High-speed trains seem like a great idea for cutting down on travel time, but there are two main problems with their operation. First, the trains run on an infrastructure model that hasn’t undergone any significant overhauls since the 19th century. More importantly, high-speed trains have to make frequent stops to take on and let off passengers, meaning that they can only travel at their top speeds for short amounts of time. Industrial design group Priestmangoode have a radical proposal for a very different type of high-speed rail system.
Rather than stopping at stations, the Moving Platforms train system would feature high-speed trains that never have to stop. When passengers embark and disembark, they would do so through the use of smaller local trains or trams that dock alongside the main train. Passengers walk from the main car into the transport car just like one would pass from one carriage of a train to the next. Once the car nears the next drop-off point, it simply un-docks. The docking trains act as mobile train stations and can even transfer passengers to other high-speed trains. Trams or local trains take passengers to their destinations, eliminating the need to drive personal cars to and from the train station.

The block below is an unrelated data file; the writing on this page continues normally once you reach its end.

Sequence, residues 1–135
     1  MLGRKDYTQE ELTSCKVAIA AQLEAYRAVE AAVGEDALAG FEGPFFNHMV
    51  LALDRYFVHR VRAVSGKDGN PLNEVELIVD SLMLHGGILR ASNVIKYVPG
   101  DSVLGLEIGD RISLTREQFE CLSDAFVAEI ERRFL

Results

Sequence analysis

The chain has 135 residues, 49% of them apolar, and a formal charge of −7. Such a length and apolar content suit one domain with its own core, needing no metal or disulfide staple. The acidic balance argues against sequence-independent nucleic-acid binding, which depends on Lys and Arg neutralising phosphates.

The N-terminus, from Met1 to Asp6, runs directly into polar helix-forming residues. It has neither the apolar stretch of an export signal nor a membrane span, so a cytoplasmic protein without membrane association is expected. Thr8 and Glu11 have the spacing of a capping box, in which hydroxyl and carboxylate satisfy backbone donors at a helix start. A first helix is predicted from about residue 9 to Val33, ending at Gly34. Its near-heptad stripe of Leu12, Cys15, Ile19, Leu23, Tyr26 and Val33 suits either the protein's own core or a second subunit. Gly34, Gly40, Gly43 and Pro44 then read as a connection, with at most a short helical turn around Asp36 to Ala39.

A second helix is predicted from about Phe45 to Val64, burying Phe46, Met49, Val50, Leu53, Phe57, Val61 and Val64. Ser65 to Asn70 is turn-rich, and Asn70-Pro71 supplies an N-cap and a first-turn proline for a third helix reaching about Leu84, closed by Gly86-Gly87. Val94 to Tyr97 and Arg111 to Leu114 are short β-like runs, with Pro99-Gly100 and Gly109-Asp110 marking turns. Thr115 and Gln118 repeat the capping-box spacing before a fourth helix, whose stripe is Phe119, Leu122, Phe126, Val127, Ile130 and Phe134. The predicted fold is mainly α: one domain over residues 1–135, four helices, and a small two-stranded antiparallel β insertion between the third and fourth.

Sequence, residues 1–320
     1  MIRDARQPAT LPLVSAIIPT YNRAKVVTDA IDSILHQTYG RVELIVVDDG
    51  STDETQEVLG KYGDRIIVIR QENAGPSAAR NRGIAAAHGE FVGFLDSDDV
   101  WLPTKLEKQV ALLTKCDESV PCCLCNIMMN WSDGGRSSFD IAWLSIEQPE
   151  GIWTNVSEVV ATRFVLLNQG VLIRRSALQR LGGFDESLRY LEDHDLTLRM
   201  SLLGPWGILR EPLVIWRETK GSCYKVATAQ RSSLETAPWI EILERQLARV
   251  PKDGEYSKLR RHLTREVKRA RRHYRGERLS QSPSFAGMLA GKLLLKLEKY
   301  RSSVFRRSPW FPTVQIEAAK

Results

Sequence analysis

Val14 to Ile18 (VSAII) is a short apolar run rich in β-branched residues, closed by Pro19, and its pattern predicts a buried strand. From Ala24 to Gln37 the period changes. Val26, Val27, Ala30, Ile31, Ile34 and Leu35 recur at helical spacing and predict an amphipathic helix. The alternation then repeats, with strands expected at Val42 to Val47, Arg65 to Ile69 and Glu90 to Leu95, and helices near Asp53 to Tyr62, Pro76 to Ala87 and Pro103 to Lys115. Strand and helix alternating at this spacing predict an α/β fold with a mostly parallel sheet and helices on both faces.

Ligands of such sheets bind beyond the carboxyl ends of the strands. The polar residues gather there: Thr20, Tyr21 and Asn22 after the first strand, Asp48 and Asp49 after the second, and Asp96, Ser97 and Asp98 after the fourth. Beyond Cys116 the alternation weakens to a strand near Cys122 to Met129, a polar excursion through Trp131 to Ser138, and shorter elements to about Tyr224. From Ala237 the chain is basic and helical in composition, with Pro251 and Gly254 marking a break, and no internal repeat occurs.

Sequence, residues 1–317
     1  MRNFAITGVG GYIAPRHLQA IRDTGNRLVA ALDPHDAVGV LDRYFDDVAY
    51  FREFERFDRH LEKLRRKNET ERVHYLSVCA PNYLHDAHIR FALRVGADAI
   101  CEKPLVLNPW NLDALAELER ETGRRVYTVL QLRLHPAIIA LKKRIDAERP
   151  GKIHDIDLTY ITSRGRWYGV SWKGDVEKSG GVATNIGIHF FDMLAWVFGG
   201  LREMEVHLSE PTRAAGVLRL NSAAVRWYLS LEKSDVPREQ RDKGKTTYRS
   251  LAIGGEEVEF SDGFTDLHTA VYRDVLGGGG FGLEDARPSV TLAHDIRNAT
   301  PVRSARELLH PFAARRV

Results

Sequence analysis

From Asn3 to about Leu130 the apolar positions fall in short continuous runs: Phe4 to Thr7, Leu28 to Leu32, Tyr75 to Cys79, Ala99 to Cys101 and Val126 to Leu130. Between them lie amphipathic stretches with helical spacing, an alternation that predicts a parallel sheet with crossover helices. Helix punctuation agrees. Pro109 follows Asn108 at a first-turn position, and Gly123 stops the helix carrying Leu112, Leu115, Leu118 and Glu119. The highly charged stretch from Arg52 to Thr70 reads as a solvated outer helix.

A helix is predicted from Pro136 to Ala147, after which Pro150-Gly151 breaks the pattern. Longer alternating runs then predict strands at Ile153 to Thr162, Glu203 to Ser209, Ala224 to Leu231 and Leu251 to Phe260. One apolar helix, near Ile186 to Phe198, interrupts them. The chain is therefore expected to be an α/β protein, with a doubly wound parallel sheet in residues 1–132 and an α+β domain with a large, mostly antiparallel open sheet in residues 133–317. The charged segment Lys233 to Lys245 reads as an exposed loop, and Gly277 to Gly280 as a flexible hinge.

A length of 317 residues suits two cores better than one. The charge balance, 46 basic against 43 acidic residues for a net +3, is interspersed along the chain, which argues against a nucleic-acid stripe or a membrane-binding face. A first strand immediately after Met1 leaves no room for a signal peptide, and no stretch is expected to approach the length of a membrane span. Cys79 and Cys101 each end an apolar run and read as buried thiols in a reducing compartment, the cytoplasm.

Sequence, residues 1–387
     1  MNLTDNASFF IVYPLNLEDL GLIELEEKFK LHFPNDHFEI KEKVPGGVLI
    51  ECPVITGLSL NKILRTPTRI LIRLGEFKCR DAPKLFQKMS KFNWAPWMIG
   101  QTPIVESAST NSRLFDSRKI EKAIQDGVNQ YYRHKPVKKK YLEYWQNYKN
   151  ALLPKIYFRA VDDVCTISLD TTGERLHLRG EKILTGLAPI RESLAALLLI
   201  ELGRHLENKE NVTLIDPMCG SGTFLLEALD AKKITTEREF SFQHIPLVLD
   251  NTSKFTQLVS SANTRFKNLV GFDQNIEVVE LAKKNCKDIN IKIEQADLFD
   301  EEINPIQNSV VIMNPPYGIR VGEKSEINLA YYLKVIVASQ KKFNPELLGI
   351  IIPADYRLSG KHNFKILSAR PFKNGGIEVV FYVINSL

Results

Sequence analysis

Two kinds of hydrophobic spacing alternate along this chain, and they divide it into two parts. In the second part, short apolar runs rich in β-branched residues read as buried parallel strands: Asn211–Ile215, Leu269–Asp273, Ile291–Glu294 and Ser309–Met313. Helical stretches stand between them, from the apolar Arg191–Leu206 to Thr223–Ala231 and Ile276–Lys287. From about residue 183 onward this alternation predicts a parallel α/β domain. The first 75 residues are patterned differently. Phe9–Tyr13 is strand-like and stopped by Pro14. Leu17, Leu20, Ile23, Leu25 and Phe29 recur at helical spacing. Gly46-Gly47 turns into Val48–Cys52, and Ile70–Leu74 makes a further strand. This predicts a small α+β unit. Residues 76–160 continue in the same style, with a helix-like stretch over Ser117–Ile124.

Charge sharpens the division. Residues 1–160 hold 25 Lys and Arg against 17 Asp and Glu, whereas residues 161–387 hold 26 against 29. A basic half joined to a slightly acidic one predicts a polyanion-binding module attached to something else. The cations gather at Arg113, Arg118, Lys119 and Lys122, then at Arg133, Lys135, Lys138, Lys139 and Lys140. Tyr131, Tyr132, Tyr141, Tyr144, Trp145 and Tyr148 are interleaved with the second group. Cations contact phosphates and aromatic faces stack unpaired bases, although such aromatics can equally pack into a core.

The system could make cross-country and international trips faster and much easier than the current system. The designers at Priestmangoode realize that a setup like this would require vast overhauls of the entire rail transport system, an effort that would likely be too difficult and costly to undertake in reality. But their proposed system is the perfect jumping-off point for rethinking the way the worldwide rail system is structured and how it could change for the better in future generations.